Cattle Egrets, Cattle, and Other Herbivore Neighbors
~ by James J. S. Johnson
For this, Thou shalt not commit adultery, Thou shalt not kill, Thou shalt not steal, Thou shalt not bear false witness, Thou shalt not covet; and if there be any other commandment, it is briefly comprehended in this saying, namely, Thou shalt love thy neighbor as thyself. (Romans 13:9)
Being a good neighbor is a standard to live by. And good neighbors help one another. As Romans 13:9 indicates, it’s a norm for how to treat one’s neighbors.
To some extent, this type of “win-win” situation sometimes occurs in nature, as is often (though not always) illustrated by the relationships of some birds — the best examples are Cattle Egrets with domestic Cattle, as well as with other large mammal herbivores (such as bison, water buffalo, bison, horses, zebras, giraffes, antelope, etc.), as the large mammals graze in tall grasses where bothersome insects and parasitic ticks abound.
It should be no surprise that Cattle Egrets associate with cattle, picking (at and eating) bugs that pester those noble (and vulnerable) bovines.
The term used by ecologists, for this “win-win” relationship, is mutualistic symbiosis. In other words, they help each other as good neighbors should!
When cattle egrets tag along with cattle, whose quadrupedal movement through pastures (or non-agricultural grasslands) stir up insects or all kinds, the cattle egrets opportunistically snap up the dislodged bugs. Likewise, Cattle Egrets are not shy about perching atop cattle, to eat whatever insects or ticks (or insect larvae) may be trespassing on beleaguered bovine bodies.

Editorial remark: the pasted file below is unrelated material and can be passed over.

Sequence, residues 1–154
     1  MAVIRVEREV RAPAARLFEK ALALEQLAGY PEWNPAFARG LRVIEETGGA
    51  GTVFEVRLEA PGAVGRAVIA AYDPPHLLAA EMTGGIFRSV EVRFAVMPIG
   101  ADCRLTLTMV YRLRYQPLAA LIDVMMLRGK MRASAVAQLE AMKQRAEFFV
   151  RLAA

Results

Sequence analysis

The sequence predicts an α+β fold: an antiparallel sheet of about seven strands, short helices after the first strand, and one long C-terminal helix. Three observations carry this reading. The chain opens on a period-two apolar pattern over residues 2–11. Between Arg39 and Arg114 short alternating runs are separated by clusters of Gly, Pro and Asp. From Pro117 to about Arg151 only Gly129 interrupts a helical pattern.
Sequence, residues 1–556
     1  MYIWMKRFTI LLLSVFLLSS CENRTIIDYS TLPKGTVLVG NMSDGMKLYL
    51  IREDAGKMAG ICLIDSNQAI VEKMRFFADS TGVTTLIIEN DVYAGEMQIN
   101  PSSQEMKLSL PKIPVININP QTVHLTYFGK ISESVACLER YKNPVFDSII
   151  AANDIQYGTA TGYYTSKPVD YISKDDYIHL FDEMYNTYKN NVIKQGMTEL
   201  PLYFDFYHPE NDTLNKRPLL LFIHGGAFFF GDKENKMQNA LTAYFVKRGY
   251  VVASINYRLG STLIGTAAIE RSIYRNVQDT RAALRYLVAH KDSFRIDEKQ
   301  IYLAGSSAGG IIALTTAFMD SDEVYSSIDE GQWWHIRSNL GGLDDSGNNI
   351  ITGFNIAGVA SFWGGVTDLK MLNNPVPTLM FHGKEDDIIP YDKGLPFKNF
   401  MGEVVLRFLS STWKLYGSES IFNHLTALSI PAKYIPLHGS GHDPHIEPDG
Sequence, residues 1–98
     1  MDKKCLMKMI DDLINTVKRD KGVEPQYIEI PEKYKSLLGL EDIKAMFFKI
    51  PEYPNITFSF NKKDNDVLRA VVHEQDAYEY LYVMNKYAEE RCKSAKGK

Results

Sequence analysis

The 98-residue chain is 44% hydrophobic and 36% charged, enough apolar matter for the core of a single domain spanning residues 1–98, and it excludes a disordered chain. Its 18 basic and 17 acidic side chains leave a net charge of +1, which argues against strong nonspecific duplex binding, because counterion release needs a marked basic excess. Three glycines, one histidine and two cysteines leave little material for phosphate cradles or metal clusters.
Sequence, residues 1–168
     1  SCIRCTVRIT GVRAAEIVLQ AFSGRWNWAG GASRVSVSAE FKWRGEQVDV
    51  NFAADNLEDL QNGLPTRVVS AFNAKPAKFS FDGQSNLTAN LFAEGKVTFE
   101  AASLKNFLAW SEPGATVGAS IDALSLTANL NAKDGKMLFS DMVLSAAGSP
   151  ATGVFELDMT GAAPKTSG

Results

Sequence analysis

The benefit to the birds is obvious – convenient meals, either on the bovine skin or in the stirred grasses that bovine feet brush against (causing bugs in the grass to show themselves as moving targets as they flee the bovine hooves). Yet the benefit inures to the cattle, too, because they have no hands to dislodge the pestering bugs (many of which are noxious parasites) off their backs – or to shoo away bugs that initially flit about near their feet, perhaps soon to light upon the bovine’s legs or back, to do what many bugs do – such as blood-sucking fleas or ticks or mosquitoes. The bugs really bug the bovines! – some are annoying parasites! – so the insectivorous habits of the bug-munching birds are a welcome-relief-providing blessing to the cattle.
Actually, the Cattle Egret is an African emigrant – Cattle Egrets migrated from Africa to South American almost a century ago. (See range map showing migration.) Migrating northward, Cattle Egrets quickly colonized the southern regions of North America too.
Click on a photo to see the Gallery.
CATTLE EGRET (Bubulcus ibis), of North and South America, most of Africa, and parts of southern Asia and coastal Australia .
More examples could be given – but this is enough to illustrate the trend!
(Surely God smiled, when He thought that one up!)
- [Fair Use image credit: Map]
- [Fair Use image credit: Cattle Egret in breeding plumage – that’s a wrap!]